Thanks to Dr. Dawn Whitaker, we were even dressed for the event--yes, all of the INSGC staff (myself, Dr. Whitaker, Angie Verissimo, and student interns Isa Fritz and Ben Weiss) were outfitted in matching Yuri's night t-shirts that she had found at Think Geek. 

Doesn't Ben look good in his Yuri's Night t-shirt?

As I said, April 12 is a date that I remember in the history of space flight for its life-changing experiences  (well, my eldest was born on April 11, but that's a bit different), and we should really highlight those sorts of experiences.  The Affiliates who couldn't attend were actually celebrating Yuri's Night elsewhere in Indiana: the Star Plaza Theatre in Merrilville was hosting former astronaut Wendy Lawrence at another INSGC supported event organized by the Challenger Learning Center of Northwest Indiana.  "Reaching for the Stars" was the theme, and I can't imagine a better slogan for the day.  In much the same way that Gagarin and others helped fuel the dreams and opportunities for lives such as Capt. Lawrence and others, her presentation can change the lives of others who got to hear her presentation and even ask her a question.

In fact, some of the folks I got to meet at the event were also fantastic examples of how space flight (and Space Grant) can change lives.  Two of the students who presented posters at the event were people that I had met, or who had contacted me, through unexpected and unplanned interactions.  Patrick Cavanaugh came to the INSGC booth at the Indiana State Fair back in 2009; since then, he's been involved in computer engineering projects, received INSGC scholarship support, and is now looking towards graduate education.

Patrick explains his work on computer imaging to Dr. Whitaker.

Gabriela Campos was on track to have an "okay life," as she puts it.  Then, she heard about a summer program for students to get involved with STEM research, and was put in touch with INSGC.  She received some internship funding, and is now also excited and motivated and passionate about her work on MEMS sensors--she talked about the changes in her experiences leading her towards a "fantastic life".  Her enthusiasm is infectious, and wonderful--and an example of why we believe in INSGC.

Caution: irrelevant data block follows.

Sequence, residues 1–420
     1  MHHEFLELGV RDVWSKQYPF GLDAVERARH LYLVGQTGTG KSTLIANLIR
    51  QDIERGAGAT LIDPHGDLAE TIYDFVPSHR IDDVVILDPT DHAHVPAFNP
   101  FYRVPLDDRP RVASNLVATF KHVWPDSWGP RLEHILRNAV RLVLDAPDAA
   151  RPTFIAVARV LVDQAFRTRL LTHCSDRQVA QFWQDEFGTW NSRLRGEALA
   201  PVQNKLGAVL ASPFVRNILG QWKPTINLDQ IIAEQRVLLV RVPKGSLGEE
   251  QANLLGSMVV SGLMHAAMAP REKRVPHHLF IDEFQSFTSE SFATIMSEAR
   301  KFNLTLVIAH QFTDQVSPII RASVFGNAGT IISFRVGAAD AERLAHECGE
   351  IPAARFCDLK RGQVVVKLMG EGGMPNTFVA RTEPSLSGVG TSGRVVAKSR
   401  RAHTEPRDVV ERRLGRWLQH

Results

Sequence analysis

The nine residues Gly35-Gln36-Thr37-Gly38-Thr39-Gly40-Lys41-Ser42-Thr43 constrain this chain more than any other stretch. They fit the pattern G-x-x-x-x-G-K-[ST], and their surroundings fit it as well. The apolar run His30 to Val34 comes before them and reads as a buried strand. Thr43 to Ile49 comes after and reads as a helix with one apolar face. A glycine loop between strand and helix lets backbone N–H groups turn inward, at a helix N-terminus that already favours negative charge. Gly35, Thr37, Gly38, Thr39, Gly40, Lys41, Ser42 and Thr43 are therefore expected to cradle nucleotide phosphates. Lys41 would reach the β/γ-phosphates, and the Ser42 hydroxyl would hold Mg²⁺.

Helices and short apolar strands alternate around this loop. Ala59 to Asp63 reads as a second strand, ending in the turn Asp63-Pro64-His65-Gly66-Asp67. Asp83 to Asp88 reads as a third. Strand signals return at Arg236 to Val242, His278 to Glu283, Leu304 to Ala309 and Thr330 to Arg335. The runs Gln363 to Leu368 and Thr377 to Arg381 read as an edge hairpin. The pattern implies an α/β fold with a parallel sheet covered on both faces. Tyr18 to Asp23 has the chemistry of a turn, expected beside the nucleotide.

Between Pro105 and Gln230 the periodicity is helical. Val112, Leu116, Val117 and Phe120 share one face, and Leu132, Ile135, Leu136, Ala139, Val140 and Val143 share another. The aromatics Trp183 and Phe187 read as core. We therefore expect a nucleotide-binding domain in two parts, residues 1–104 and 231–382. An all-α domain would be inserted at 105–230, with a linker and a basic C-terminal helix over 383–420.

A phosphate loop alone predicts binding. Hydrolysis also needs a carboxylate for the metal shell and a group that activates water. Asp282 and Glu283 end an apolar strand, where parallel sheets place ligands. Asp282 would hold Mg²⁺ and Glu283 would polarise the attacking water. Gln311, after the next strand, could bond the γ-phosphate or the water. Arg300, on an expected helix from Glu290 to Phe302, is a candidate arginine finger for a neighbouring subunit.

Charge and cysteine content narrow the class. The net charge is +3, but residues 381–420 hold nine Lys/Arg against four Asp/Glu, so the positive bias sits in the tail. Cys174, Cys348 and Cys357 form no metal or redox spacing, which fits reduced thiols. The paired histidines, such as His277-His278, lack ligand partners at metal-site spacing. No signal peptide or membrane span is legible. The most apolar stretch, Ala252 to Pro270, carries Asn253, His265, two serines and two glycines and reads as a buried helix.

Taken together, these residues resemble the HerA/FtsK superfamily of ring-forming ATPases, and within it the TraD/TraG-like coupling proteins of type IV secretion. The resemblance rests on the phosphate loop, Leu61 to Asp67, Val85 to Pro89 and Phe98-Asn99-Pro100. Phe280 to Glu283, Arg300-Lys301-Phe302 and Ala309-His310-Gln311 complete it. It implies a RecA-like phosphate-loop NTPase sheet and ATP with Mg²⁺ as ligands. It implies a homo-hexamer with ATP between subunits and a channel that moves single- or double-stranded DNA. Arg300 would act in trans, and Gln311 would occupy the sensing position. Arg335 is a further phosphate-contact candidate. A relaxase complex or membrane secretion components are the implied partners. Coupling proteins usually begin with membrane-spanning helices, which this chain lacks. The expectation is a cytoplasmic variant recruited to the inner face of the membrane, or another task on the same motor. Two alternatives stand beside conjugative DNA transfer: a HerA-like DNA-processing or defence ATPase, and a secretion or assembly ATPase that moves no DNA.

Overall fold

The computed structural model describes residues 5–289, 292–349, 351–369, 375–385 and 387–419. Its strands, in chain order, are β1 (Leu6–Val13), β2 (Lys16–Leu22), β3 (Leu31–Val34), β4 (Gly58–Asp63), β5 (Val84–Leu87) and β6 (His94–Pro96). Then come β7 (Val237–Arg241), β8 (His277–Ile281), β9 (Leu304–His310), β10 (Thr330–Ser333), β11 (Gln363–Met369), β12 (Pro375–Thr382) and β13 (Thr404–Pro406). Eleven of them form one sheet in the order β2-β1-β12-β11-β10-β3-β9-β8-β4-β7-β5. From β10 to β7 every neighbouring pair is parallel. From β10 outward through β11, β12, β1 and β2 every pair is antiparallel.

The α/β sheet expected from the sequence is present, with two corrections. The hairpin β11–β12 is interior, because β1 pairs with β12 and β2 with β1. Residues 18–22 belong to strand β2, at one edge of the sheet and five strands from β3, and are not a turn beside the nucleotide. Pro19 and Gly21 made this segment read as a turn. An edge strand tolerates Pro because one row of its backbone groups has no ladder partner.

Gabriela answers a question about MEMS sensors for Dr. Lee and me.
I really want to thank everyone who attended, including Advisory Board members Chris Foster and Dr. Jordan Lee, and all of the Affiliate Directors and representatives and partners who worked hard with us on Tuesday and Wednesday.  Most of all, I am tremendously grateful to Dawn, and Angie, and Ben, and Isa, for all of their efforts to put together an event that we can be extremely proud to have hosted.  I know that a few teachers came up to me to thank me for having them at this event.  However, the thanks go to them, and to the teachers themselves. 

I am so pleased that INSGC could be involved in these events, and could help to bring excitement and history and imagination and passion to STEM engagement. 

Under African Skies

Please excuse the delays in updating the blog... it's been an extremely hectic month already for Indiana Space Grant. 

Earlier this month, I had the opportunity to attend an international conference on Organizational Design and Management at Rhodes University in Grahamstown, South Africa.  Apart from my own travel woes, this was a wonderful conference highlighting a range of research in Human Factors and Ergonomics (my own research discipline) from around the world. After the end of the conference, I managed to do two "touristy" things after the end of the conference, but since you already know me to be a STEM geek, you can guess that there will be something about space involved.